United Parcel Service Inc. will require customers shipping packages to show government-issued photo identification in an effort to intensify security after explosives were found on October cargo flights.
The new policy expands a previous rule in place at UPS Customer Centers to include all retail outlets. Customers without a pre-printed shipping label will have to display an ID, Atlanta-based UPS said in a statement today.
“Since retail centers experience a significant increase in business from occasional shippers during the busy holidays, this enhancement adds a prudent step in our multilayered approach to security,” Dale Hayes, vice president of small business and retail marketing, said in the statement.
British authorities discovered a bomb in a printer cartridge sent from Yemen at the U.K’s East Midlands airport in England that was timed to explode over the eastern seaboard of the U.S. Another device was intercepted and defused at a FedEx Corp. center in Dubai. Both were bound for Chicago from Yemen.
FedEx requires shippers in some instances to produce a photo ID, Sandra Munoz, a spokeswoman, said in an e-mail. “The company is always looking at methods that will enhance the extensive measures we have in place,” she said.
UPS is the world’s biggest package-delivery company, and Memphis, Tennessee-based FedEx operates the largest cargo airline.
20 Million Pieces
Together, they move about 20 million pieces a day, according to Satish Jindel, president of SJ Consulting Group in Sewickley, Pennsylvania. Transportation-security specialists such as Hans Weber, owner of San Diego-based consultant Tecop International Inc., have said that volume complicates efforts to screen and detect all dangerous parcels.
The Transportation Security Administration, which requires air carriers to submit cargo manifest information at least four hours before landing in the U.S., is working with express and passenger carriers to get those data earlier, Doug Brittin, the agency’s general manager for air cargo security, said today.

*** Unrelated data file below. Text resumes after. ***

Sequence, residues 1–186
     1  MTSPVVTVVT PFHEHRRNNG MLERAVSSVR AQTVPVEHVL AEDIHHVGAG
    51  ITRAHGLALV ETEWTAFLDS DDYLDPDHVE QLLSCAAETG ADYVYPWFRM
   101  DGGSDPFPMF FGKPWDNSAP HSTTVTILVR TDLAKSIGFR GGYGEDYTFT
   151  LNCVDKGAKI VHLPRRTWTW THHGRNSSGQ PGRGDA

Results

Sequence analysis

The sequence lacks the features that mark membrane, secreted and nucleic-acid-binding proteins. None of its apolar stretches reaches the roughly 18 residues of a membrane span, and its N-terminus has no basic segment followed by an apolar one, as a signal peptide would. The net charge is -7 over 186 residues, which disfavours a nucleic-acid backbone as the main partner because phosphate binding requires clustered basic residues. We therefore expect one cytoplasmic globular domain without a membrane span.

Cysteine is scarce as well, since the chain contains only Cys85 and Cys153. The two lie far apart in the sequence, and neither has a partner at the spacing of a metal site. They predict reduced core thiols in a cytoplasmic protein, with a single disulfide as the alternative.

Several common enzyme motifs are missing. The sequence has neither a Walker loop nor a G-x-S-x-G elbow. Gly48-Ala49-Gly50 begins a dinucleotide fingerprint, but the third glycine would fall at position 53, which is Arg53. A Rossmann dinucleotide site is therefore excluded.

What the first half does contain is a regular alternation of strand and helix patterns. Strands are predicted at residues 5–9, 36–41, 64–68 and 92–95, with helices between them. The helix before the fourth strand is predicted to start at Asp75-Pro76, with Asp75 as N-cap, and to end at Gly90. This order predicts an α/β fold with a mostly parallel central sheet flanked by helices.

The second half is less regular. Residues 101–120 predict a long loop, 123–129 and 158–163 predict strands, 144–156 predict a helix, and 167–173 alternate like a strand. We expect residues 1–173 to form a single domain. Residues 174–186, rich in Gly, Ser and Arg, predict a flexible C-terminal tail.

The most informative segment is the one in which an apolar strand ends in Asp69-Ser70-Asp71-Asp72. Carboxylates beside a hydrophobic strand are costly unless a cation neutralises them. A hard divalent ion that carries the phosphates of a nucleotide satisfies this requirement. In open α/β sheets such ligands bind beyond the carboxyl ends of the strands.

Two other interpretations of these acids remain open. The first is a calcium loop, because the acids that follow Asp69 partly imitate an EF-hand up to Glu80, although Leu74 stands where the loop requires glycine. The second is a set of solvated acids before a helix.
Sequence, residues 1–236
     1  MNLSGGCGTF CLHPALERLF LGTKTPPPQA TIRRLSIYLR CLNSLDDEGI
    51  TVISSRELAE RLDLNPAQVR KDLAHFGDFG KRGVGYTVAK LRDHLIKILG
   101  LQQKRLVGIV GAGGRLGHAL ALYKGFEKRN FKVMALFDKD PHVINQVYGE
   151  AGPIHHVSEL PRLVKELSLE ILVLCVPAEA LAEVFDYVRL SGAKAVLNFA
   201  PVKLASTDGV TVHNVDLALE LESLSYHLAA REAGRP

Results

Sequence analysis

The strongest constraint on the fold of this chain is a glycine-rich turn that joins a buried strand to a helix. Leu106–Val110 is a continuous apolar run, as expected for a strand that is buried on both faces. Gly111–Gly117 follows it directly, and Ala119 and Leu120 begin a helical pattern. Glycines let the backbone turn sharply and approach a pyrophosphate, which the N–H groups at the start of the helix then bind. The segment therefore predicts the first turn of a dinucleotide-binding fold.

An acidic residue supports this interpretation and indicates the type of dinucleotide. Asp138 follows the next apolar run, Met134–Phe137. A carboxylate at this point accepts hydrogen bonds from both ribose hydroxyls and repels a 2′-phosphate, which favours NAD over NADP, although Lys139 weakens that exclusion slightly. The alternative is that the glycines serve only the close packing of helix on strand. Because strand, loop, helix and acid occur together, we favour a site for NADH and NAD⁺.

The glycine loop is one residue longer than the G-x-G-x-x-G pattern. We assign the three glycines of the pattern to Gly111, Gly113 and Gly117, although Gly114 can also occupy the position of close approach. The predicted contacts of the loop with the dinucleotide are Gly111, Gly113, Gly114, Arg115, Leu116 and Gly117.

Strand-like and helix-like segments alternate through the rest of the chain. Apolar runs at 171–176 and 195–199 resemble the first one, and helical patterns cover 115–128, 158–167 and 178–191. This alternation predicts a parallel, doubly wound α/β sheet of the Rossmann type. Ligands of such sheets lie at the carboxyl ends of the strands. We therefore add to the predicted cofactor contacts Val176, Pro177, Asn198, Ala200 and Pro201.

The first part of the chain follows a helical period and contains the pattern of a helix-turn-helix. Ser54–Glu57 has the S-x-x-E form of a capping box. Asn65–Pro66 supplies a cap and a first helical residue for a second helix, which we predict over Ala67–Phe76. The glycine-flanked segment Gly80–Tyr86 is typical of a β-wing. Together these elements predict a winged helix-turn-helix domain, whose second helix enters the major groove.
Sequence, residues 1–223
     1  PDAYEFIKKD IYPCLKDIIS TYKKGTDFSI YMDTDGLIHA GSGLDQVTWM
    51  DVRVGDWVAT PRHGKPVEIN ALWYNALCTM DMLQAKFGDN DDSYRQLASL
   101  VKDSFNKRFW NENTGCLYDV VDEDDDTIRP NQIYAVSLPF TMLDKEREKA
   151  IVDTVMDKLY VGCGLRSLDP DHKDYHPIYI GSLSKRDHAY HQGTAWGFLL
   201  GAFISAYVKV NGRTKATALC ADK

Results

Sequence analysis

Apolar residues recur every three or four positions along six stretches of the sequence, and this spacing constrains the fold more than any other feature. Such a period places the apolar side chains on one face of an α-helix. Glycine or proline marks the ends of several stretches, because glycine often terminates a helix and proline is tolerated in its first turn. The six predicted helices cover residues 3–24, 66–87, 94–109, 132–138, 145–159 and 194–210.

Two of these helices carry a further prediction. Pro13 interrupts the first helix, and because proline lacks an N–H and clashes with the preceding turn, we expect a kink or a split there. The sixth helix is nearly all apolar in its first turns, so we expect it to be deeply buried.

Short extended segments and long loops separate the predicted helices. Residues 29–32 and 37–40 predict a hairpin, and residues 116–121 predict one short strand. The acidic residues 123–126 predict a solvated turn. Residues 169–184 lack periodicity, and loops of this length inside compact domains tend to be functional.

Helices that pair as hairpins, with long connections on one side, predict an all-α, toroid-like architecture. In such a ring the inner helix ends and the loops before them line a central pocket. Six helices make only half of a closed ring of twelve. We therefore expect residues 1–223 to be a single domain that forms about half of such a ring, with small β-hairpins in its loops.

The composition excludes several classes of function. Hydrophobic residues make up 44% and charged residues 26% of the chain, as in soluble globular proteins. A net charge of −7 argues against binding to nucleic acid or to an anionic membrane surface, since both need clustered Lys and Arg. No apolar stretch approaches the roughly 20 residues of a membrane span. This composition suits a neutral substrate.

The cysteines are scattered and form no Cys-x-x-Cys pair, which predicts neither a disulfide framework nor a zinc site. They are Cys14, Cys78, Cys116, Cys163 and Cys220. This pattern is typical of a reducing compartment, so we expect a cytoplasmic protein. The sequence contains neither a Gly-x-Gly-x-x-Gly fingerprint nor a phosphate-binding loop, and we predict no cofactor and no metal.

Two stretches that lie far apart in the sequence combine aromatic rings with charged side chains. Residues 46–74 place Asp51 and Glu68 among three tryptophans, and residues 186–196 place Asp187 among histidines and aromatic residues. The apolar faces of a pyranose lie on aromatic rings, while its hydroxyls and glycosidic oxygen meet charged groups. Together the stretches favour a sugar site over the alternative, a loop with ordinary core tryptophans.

The TSA is starting a test project this week with express carriers, such as UPS and FedEx, and will begin working with passenger carriers and the forwarding companies that tender them freight in “early January,” Brittin said at the U.S. Chamber of Commerce in Washington.
The goal is to “get information about a shipment before it flies,” Brittin told reporters after the speech.
Deutsche Post AG, the world’s biggest transporter of air and sea freight by volume, has been working with government agencies and industry counterparts evaluating whether new regulations are needed following discovery of the explosives, Chief Financial Officer Lawrence Rosen said in an interview at Bloomberg headquarters in New York.
New policies would likely use an approach, which the industry supports, “differentiating strongly between the security measures that you would apply to known and secure shippers versus unknown, unsecure shippers, and focusing also on the countries of origin,” Rosen said. Another component “is to apply the most security measures at the origin, rather than somewhere in transit,” he said.
UPS rose 51 cents to $72.20 at 1:57 p.m. in New York Stock Exchange composite trading. FedEx gained 5 cents to $93.34, and Deutsche Post fell 14 cents to 12.35 euros on the Frankfurt Stock Exchange.
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